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Blue Cross Blue Shield of Michigan launches effort to improve hip and knee replacement surgery

University of Michigan Health System will lead effort among 12 hospitals to share data on best practices

The University of Michigan Health System will serve
as coordinating center for initiative to improve
quality and safety of hip and knee replacement
procedures in Michigan.

ANN ARBOR, Mich. - Blue Cross Blue Shield of Michigan and 12 hospitals throughout the state have launched a new initiative aimed at improving the quality of hip and knee replacement for thousands of Michigan residents who annually undergo these procedures.

The initiative builds upon an award-winning model of collaboration between the Blues and hospitals that has improved quality and reduced unnecessary costs for other surgical and medical procedures in the state, saving $232 million statewide.

The longer-term approach could reduce the need for patients to undergo subsequent surgeries to replace or repair the implant.

Data from participating hospitals will be collected by the newly formed Michigan Arthroplasty Registry Collaborative Quality Initiative, and then used to develop best practices for the procedures. Orthopedic surgeons statewide will meet regularly to review the data, share information and identify improvements to achieve effective, quality results.

"Our data registry will first focus on how to improve outcomes right after surgery, helping reduce the number of infections and other complications," says Brian Hallstrom, M.D., clinical leader of the arthroplasty initiative and orthopedic surgeon at the University of Michigan Health System. "Then we'll also take a longer-term approach to see what changes could improve the outcome, such as implant choice or other factors."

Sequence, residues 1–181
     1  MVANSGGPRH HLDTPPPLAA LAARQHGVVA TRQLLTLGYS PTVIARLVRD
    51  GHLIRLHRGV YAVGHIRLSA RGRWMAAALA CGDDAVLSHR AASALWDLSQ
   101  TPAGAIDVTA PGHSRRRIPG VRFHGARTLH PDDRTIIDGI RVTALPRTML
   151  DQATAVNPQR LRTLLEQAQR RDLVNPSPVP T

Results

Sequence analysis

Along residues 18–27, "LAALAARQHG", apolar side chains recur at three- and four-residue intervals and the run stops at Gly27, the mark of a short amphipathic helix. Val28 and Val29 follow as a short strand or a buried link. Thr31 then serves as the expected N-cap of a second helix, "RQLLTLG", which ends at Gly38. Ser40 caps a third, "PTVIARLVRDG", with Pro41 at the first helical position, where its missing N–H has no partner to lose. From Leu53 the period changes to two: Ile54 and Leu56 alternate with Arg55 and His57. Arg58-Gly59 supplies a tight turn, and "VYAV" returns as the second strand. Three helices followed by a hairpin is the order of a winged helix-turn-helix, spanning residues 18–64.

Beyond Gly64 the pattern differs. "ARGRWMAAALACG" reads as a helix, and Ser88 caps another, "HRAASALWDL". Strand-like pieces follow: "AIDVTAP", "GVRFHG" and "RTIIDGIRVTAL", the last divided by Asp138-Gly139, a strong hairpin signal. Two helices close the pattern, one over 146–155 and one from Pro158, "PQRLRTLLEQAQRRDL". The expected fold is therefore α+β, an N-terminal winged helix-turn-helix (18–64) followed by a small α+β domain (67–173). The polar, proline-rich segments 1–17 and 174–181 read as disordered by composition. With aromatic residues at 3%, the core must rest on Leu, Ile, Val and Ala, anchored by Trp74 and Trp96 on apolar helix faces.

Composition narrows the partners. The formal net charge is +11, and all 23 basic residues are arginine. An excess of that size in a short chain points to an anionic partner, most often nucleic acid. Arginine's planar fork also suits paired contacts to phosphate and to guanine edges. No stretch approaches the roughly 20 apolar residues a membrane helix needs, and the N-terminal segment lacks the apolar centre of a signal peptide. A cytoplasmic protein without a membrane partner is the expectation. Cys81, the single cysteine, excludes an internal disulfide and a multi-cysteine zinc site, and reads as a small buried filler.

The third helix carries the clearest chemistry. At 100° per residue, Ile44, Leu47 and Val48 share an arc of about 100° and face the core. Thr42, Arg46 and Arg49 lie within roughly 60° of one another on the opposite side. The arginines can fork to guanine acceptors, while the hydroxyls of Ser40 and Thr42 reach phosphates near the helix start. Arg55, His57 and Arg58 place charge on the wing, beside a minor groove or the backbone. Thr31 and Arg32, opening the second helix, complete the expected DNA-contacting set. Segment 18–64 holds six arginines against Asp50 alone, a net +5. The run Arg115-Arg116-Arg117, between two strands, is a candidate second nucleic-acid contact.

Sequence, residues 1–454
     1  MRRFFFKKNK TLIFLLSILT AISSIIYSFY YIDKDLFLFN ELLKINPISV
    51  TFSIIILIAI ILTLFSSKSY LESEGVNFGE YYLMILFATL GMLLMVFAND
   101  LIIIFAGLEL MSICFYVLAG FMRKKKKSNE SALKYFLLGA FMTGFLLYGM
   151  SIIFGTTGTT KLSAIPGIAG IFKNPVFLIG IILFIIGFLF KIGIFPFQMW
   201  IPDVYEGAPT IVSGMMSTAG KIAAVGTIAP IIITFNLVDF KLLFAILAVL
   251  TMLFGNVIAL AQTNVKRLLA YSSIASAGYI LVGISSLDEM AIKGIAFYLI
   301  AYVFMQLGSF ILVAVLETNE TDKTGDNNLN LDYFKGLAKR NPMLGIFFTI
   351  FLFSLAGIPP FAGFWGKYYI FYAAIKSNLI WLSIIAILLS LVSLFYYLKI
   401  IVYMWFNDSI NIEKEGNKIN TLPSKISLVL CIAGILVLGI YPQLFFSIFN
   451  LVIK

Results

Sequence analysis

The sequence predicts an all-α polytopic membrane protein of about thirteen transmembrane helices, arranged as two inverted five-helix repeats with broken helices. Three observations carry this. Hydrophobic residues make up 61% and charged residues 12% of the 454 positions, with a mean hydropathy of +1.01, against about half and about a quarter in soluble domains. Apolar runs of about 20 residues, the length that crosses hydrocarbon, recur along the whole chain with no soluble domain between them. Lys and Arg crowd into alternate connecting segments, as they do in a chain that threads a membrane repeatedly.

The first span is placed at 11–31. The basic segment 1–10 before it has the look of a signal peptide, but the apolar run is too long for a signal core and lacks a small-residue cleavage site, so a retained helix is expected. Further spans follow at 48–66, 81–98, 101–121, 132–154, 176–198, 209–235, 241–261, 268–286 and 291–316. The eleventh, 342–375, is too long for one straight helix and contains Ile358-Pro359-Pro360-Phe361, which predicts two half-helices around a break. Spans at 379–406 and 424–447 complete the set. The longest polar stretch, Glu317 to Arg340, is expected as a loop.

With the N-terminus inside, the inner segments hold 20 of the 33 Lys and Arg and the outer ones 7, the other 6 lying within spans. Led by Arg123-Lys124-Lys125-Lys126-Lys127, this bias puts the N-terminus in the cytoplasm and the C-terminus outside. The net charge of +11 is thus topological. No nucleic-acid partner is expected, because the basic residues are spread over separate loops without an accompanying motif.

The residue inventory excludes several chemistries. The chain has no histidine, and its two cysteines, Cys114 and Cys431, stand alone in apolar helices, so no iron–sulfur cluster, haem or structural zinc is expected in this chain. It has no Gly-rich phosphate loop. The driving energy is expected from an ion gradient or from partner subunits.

Hallstrom estimates a typical hip or knee replacement surgery costs $20,000 to $30,000. Re-replacement or revision surgeries can cost three to four times more, and usually require longer hospital stays.

"We're aiming to catch problems with implants and other aspects of surgery, so we can avoid complications and revision surgeries. This would significantly reduce the trouble and the pain for patients and the cost to the health system in general," says Hallstrom.

Participating hospitals include:

  • Chelsea Community Hospital
  • Crittenton Hospital Medical Center ( Rochester)
  • Mercy Health Partners General Campus ( Muskegon)
  • McLaren – Greater Lansing
  • Mercy Health Partners – Hackley Campus ( Muskegon)
  • Mercy Hospital – Cadillac
  • Sparrow Hospital ( Lansing)
  • Spectrum Health Butterworth Hospital ( Grand Rapids)
  • St. John Providence Hospital and Medical Centers ( Southfield/ Novi locations)
  • St. Joseph Mercy Hospital (Ann Arbor)
  • St. Joseph Mercy Oakland Hospital ( Pontiac)
  • University of Michigan Health System ( Ann Arbor)


"This new initiative is one of 12 collaborations that the Michigan Blues support in partnership with hospitals across Michigan," says David Share, M.D., M.P.H., vice president, Value Partnerships, Blue Cross Blue Shield of Michigan. "These collaborations are saving valuable health care dollars by increasing safety, reducing complications and improving the quality of medical and surgical procedures for over 200,000 patients in Michigan each year."

The collaborations are part of Value Partnerships, a series of initiatives among physicians, hospitals and the Michigan Blues, all aimed at improving quality and safety in medical care. For more information on this award-winning program, go to

BCBSM Media Contact: Stephanie Beres,, (313) 549-9884

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